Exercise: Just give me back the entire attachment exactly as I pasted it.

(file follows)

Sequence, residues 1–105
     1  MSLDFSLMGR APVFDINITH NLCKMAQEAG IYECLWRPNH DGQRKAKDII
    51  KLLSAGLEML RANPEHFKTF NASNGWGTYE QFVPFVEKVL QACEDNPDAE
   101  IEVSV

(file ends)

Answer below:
Sequence, residues 1–105
     1  MSLDFSLMGR APVFDINITH NLCKMAQEAG IYECLWRPNH DGQRKAKDII
    51  KLLSAGLEML RANPEHFKTF NASNGWGTYE QFVPFVEKVL QACEDNPDAE
   101  IEVSV